by writing a germination comment about how to germinate the seeds of this species. Click here!

plant cultivation comments by our visitors
Also see germination commnets above.

Plants from this species ...

... are of poor ornamental value
In Orangeburg in USA they need very much care.
If I could give NO STARS rating to this plant, I would. I wasted my money on 157 Bismarckia palms.... That is 2 x 4 footers and 155 seeds. Tried one 4 footer, took a great care of it, but no matter what I did it slowly died. Then tried another 4 footer, and it slowly turned brown in the ground over a 2 month period. Only central spear remains, all brown, but it's not pulling out yet. The 150+ seeds planted professionally in environmentally friendly pots about 3 months ago, well taken care of, not a single germination so far. I will update this post if I get any good news.
Submitted on 16/06/2013 by one of our visitors

... are of excellent ornamental value
In 1100 Twin Oaks Rd.#21, Lufkin Tx 75901 in USA they need little care and grow normal.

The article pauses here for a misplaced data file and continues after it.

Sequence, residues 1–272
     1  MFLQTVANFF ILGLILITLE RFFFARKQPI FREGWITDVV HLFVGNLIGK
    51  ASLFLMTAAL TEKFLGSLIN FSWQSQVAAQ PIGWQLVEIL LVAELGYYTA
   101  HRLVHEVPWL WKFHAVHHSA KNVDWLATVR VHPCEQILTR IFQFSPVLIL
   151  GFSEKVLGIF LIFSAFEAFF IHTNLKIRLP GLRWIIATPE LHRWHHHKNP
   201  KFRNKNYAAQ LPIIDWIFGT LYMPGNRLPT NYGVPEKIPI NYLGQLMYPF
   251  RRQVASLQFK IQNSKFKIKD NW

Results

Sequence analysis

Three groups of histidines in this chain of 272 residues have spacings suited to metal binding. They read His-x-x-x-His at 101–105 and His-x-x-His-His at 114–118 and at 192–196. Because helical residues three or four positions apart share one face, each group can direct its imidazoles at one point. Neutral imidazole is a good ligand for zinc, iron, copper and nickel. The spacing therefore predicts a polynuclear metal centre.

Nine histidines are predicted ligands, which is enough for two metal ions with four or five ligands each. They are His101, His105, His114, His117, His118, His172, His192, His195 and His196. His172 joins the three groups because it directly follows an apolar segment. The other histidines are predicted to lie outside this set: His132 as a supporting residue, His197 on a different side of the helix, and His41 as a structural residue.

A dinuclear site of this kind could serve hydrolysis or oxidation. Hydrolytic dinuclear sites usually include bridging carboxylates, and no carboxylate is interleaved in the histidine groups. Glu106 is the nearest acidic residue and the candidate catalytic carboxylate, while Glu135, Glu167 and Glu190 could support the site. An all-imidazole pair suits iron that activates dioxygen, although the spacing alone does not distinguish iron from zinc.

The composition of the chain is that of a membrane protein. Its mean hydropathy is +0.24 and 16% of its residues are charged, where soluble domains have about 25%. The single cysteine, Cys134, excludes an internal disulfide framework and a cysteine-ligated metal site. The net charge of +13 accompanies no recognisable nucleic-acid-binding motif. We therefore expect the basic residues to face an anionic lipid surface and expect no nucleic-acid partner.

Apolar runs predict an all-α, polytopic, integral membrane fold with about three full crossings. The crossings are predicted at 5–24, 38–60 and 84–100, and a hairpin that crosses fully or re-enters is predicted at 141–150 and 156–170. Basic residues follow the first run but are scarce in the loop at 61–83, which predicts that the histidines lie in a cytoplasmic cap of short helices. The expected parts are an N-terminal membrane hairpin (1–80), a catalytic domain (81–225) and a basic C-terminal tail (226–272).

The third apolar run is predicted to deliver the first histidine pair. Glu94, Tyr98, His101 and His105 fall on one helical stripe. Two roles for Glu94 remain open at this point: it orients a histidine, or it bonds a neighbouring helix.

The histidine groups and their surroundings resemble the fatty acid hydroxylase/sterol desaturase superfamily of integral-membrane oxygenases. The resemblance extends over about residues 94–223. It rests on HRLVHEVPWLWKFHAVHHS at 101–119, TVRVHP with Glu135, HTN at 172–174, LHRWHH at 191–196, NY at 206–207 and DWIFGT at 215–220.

Keep in a sunny, warm, and well drained place. Drought, and frost tolerant. A very spectacular palm, and well worth a position in any garden that can accomodate it.
Submitted on 01/11/2008 by Shirley A Billingsley

... are of excellent ornamental value
In Stockton, CA in USA they need average care and grow slow.
I have grow 3 in a soda bottle and in the winter in CA i keep it in my room it used a old soil it about 3 inch and use as indoor next to my window. It has been grow for year.
Submitted on 05/01/2008 by one of our visitors

... are of excellent ornamental value
In Greenacres, Florida in USA they need little care and grow very fast.
This palm has excellent ornamental value. It really stands out and turns peoples heads with its silver blue coloration and large fan leaves. Mine is planted in my front yard for all to see. It grows very fast. When I planted it in March of 2005 it was two feet tall, now Nov 2007 it's nine feet tall and almost as wide. I did not add anything to the soil, I just dug a hole and dropped it in, and added a four inch layer of mulch. I live in south Florida and the soil here is very sandy which palms love. It gets watered every other day and responds well to fertilizers. It grows best in full sun, but will tolerate shade also. This is not a plant for indoors due to its large size.